The fish man did it again. Raking in $51.6 million in its second weekend, Warner Bros.’ blockbuster adventure “Aquaman,” directed by James Wan and starring Jason Momoa as the DC Comics superhero, topped the post-Christmas box office to keep the No. 1 crown, according to estimates from measurement firm Comscore.
Holiday crowds hungered for Momoa’s groundbreaking Aquaman, propelling the CG undersea action picture to $188.8 million domestically. Boasting an A-minus CinemaScore, the film’s global take has reached nearly $750 million.
Eating up the holiday ticket sales in a record-setting year at the box office, the movie dropped just 29% from last week’s $72.1-million debut. It has already bested the total worldwide performances of DC predecessors “Suicide Squad” ($746.8 million), “Man of Steel” ($668 million) and “Justice League” ($657.9 million), the installment that introduced Momoa’s aquatic hero.
Fast approaching the $100-million mark despite falling short of analyst and studio projections, Disney’s musical “Mary Poppins Returns” entered its second weekend with something to sing about, taking in $28 million, up 19% from its $22.2-million opening for a $98.9 million-domestic accumulation.
Imaginative family-friendly visuals and the power of Emily Blunt in the title role helped “Mary Poppins Returns” hold a firm second-place position in the final moviegoing days of 2018 as last week’s top five performers repeated their rankings, with a few new and notable indies joining the fray.
Sitting in third place is the delightful Paramount spinoff “Bumblebee,” the latest addition to the “Transformers” franchise, which notched an additional $20.5 million for a two-week domestic take of $66.8 million.
Hailee Steinfeld anchors the 1980s-set adventure about a rad teenage girl and her Autobot, which claimed an impressive mere 5% drop; at 93% on Rotten Tomatoes, the female-led installment battling it out against tough superhero competition is by far the best-reviewed film in the “Transformers” series.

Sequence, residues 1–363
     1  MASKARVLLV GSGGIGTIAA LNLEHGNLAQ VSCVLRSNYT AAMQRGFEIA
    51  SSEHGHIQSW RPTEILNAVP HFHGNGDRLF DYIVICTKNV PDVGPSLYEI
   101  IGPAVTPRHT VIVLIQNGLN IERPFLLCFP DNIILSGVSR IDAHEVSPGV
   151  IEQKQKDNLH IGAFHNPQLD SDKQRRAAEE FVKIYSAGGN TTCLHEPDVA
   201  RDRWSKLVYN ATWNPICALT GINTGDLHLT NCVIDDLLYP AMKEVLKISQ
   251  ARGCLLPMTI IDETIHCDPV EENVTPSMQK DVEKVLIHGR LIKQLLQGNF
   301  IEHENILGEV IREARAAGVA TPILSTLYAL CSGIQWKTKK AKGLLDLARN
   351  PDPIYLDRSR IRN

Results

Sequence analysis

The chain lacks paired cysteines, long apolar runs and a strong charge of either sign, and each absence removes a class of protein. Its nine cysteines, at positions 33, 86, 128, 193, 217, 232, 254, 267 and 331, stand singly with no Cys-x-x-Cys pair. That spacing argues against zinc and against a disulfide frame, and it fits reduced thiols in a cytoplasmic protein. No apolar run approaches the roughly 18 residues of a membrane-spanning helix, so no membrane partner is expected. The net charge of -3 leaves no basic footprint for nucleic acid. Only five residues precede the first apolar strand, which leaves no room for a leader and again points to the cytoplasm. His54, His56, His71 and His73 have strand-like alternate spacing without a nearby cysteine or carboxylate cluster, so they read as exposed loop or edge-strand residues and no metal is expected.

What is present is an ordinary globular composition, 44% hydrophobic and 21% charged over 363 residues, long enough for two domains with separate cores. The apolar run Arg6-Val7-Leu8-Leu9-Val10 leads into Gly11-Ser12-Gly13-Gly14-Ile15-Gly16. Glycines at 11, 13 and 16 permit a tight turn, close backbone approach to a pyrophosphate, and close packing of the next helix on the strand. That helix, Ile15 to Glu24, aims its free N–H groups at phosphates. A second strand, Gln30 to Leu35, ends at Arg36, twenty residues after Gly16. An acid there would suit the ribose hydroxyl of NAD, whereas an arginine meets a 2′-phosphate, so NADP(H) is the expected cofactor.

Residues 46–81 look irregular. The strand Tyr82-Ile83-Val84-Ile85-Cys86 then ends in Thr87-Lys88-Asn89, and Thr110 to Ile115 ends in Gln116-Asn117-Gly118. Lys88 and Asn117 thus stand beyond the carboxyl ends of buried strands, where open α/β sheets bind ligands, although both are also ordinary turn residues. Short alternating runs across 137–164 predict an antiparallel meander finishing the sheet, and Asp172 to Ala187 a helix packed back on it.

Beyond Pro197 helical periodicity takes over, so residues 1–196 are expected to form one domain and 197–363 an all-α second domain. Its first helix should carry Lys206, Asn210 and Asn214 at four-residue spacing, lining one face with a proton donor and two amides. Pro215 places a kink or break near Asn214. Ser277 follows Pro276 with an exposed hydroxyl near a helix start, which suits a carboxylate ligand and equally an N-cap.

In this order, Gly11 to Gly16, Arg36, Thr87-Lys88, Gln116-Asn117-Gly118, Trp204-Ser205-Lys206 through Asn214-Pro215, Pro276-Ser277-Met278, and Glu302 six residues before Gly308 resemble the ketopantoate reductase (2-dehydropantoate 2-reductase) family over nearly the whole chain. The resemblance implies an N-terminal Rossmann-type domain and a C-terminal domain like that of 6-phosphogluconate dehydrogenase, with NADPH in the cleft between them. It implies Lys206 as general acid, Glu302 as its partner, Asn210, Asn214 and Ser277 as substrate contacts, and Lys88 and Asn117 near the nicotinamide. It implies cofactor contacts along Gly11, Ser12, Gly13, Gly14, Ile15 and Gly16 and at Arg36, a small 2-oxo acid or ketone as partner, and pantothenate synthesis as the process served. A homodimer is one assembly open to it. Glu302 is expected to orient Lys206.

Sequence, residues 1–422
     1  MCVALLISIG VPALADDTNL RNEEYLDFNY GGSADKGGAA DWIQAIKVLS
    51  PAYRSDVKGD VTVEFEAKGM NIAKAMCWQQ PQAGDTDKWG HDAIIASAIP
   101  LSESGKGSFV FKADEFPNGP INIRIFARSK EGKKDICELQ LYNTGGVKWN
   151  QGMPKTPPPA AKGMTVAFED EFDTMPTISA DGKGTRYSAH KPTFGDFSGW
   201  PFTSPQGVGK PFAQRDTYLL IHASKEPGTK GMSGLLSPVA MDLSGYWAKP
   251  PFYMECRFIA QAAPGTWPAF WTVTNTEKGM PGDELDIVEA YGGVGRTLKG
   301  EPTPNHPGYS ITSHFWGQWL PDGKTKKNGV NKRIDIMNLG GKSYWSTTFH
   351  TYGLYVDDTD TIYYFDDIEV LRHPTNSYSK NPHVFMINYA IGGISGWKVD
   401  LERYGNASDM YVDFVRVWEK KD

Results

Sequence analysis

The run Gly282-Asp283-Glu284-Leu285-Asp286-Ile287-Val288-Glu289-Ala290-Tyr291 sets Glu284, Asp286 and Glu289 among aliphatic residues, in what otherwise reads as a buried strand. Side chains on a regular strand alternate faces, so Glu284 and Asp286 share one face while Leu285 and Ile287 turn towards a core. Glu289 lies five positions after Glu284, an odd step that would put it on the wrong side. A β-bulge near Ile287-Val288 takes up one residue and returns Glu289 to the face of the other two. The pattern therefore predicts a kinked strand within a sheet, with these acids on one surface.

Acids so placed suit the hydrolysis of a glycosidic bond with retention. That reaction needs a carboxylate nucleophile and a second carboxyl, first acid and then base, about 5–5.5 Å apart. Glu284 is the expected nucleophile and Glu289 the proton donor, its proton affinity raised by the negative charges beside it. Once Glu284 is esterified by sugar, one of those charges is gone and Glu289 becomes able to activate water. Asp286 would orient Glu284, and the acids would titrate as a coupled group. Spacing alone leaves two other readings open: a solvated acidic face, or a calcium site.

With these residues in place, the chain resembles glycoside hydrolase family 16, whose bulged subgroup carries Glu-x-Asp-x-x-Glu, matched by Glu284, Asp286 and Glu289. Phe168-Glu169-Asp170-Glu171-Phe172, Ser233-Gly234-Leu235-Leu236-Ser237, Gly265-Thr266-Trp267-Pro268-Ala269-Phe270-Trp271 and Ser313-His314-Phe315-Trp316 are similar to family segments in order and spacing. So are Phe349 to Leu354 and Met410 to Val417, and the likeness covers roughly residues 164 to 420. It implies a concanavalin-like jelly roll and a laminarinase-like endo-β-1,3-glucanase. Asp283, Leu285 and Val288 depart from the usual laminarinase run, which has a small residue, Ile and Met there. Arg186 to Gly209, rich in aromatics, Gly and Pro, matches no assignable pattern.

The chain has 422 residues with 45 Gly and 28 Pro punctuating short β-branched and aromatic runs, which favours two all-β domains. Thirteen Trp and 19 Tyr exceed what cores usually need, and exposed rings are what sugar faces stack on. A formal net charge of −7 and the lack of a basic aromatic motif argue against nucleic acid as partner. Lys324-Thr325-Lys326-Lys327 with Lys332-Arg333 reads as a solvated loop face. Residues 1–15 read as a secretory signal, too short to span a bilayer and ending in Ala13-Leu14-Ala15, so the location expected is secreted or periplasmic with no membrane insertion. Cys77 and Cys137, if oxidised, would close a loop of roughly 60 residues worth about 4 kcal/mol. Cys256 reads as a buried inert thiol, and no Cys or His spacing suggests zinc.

Making an even stronger case that diversity sells at the box office is Sony’s “Spider-Man: Into the Spider-Verse,” a dynamic new spin on the Marvel Comics lore that has garnered critical plaudits. Golden Globe-nominated for animated feature, it scored the No. 4 slot with an additional $18.3 million in its third week in release.
Audiences have sprung for “Into the Spider-Verse,” which stars Shameik Moore as Miles Morales, an Afro-Latino Brooklyn teenager who takes up the Spider-mantle. The innovative animated adventure produced by “Lego Movie” duo Phil Lord and Chris Miller has tallied a $103.6-million domestic total, pushing past $200 million worldwide.
Notching $11.8 million more to hold onto fifth place is Clint Eastwood’s “The Mule,” starring the director himself as an octogenarian who takes a job running drugs for a Mexican cartel. Eastwood’s 37th film as director has now earned a North American total of $60.73 million.
Riding high off six Golden Globe nods, director Adam McKay’s razor-edged Dick Cheney dramedy “Vice” opened Christmas Day and earned $7.8 million this weekend to take the No. 6 spot. Christian Bale disappears into his role of the former vice president in the politically charged pic from Oscar-winner McKay, which brings its tally to $17.7 million.
Upending Arthur Conan Doyle’s most famous literary creation with Will Ferrell as the crack London detective and John C. Reilly as his faithful BFF, “Holmes & Watson” opened Christmas Day to dismal reviews and reports of walkouts. Nevertheless, the movie enjoyed a $7.3-million weekend for a total of $19.7 million.
Lovers of the romantic comedy genre pushed the Jennifer Lopez vehicle “Second Act” to the No. 8 slot, as it took in $7.2 million, bringing its total to $21.8 million in its second weekend, while kiddie fare “Ralph Breaks the Internet” and “The Grinch” rounded out the top 10 with $6.5 million and $4.2 million, respectively.
Elsewhere, Reliance Entertainment’s Bollywood import “Simmba” scored $1.7 million from 300 locations in its first week, while Focus Features’ Ruth Bader Ginsberg film “On the Basis of Sex” (the second picture this year centered on the U.S. Supreme Court justice, following the hit documentary “RBG”) made $690,000 with a weekend-best $20,909 per-screen average, totaling $1.5 million for its three-day after opening on Christmas.
Strong women made for robust screen averages for Annapurna Pictures as Karyn Kusama’s crime thriller “Destroyer,” starring Nicole Kidman as a cop chasing ghosts from her past, collared $19,491 per screen in just three locations for a $58,472 weekend, taking in $116,000 to date. Also from Annapurna, Barry Jenkins’ critically acclaimed “If Beale Street Could Talk” jumped nearly 600% as it expanded from five to 65 locations in its third week, taking in $759,579 for a total just shy of $2 million.